Observations of an Internet Middleman (Level3) (was: RIP

Ca By cb.list6 at gmail.com
Sat May 17 00:34:43 UTC 2014


On May 16, 2014 12:21 PM, "Matthew Petach" <mpetach at netflight.com> wrote:
>
> On Fri, May 16, 2014 at 11:52 AM, Christopher Morrow <
> morrowc.lists at gmail.com> wrote:
>
> > On Fri, May 16, 2014 at 2:47 PM, Blake Hudson <blake at ispn.net> wrote:
> > > in the context of this discussion I think it's silly for a residential
> > ISP
> > > to purport themselves to be a neutral carrier of traffic and expect
> > peering
> > > ratios to be symmetric
> >
> > is 'symmetric traffic ratios' even relevant though? Peering is about
> > offsetting costs, right? it might not be important that the ratio be
> > 1:1 or 2:1... or even 10:1, if it's going to cost you 20x to get the
> > traffic over longer/transit/etc paths... or if you have to build into
> > some horrific location(s) to access the content in question.
> >
> > Harping on symmetric ratios seems very 1990... and not particularly
> > germaine to the conversation at hand.
> >
> >
> Traffic asymmetry across peering connections
> was what lit the fuse on this whole powder keg,
> if I understand correctly; at the point the traffic
> went asymmetric, the refusals to augment
> capacity kicked in, and congestion became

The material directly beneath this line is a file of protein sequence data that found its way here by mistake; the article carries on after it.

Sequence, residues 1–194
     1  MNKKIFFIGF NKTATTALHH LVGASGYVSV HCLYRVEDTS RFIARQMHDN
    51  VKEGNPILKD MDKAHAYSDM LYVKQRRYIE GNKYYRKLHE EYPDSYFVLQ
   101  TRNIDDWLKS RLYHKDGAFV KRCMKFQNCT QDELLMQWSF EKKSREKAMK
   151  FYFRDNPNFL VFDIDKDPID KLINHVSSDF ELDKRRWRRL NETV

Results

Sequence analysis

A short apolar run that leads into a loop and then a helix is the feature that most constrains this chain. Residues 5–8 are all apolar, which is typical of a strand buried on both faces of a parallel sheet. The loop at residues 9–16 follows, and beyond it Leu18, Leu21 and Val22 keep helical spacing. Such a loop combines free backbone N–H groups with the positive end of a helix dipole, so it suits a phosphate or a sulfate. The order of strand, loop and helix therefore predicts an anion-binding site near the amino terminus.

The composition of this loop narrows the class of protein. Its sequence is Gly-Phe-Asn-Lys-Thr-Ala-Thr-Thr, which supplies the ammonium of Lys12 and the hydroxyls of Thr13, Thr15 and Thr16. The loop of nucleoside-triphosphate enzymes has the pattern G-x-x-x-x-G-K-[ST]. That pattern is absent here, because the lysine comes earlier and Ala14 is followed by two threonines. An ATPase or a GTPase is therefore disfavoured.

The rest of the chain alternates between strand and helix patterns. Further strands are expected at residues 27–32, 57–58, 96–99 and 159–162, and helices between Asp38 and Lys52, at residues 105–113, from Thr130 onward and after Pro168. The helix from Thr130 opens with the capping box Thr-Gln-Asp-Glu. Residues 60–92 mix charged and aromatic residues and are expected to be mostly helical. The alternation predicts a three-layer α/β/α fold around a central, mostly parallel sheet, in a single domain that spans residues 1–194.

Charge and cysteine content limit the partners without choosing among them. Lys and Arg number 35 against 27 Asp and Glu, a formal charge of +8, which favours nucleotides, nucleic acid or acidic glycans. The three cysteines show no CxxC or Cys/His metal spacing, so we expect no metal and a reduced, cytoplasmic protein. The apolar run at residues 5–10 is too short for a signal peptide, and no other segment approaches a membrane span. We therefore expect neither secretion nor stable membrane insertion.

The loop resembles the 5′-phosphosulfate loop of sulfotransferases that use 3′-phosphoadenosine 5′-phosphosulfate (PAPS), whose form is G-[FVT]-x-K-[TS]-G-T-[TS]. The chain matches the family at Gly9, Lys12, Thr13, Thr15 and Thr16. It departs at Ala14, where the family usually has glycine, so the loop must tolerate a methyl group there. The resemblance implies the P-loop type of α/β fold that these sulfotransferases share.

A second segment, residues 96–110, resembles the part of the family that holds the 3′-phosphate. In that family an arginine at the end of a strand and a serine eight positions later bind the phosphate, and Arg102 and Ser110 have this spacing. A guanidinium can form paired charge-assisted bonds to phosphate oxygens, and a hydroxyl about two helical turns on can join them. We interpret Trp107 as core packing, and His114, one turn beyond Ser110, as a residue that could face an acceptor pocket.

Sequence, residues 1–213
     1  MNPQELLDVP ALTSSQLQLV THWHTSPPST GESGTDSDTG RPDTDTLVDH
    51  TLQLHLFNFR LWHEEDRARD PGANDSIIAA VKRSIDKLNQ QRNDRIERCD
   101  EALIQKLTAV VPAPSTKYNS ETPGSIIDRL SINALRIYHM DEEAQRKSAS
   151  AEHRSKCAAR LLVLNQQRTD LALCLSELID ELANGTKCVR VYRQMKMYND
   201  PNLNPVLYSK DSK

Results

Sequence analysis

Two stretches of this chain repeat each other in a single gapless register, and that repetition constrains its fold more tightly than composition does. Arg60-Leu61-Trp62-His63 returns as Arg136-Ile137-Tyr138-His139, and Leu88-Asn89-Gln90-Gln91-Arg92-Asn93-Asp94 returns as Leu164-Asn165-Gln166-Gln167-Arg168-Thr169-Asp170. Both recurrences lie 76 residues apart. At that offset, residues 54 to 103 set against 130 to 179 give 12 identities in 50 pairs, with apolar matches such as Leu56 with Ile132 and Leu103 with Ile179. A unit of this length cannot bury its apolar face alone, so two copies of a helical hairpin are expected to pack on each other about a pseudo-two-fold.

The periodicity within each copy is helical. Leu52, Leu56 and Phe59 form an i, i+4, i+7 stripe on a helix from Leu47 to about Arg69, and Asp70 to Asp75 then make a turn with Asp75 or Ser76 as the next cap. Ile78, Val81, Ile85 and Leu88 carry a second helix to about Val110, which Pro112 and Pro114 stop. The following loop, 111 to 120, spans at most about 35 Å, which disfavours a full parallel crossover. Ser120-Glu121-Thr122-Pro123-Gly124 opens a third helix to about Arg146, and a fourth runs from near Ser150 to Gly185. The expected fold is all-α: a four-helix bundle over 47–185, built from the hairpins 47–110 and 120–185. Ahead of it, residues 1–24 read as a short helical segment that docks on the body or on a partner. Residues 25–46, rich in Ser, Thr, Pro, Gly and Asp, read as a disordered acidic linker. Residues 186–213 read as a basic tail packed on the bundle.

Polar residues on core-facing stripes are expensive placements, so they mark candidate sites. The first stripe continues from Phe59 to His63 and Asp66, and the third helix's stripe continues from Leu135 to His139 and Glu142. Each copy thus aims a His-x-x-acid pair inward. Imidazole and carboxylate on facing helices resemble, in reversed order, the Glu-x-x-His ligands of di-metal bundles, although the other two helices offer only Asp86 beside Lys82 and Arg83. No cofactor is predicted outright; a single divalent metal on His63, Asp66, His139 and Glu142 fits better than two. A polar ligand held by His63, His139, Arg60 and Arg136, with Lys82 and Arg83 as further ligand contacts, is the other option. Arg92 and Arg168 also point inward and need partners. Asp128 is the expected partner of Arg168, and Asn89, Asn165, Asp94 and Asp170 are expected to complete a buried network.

> a problem.
>

What lit this powder keg?:

<conspiracy theory>

Netflix bought transit from cogent and expected it to work. C'mon.  This
happens every month on this list and every month people tell others not to
rely on cogent. Right? Netflix is smart, they know cogent is willing to
burn down their network and blow up their customers for 15 minutes of fame
$0.03 a meg.

This makes me think the whole thing is a net neutrality strawman.

They set the stage and all the players played their part.

Now, what will be the result?  I expect some concession from the
comcast/twc deal.  They made a big deal about net neutrality  / netflix /
strawman so they can trump up a "meaningful" concession to allow the
merger.

</conspiracy>

> I've seen the same thing; pretty much every
> rejection is based on ratio issues, even when
> offering to cold-potato haul the traffic to the
> home market for the users.
>
> If the refusals hinged on any other clause
> of the peering requirements, you'd be right;
> but at the moment, that's the flag networks
> are waving around as their speedbump-du-jour.
> So, it may be very "1990", but unfortunately
> that seems to be the year many people in
> the industry are mentally stuck in.  :(
>
> Matt


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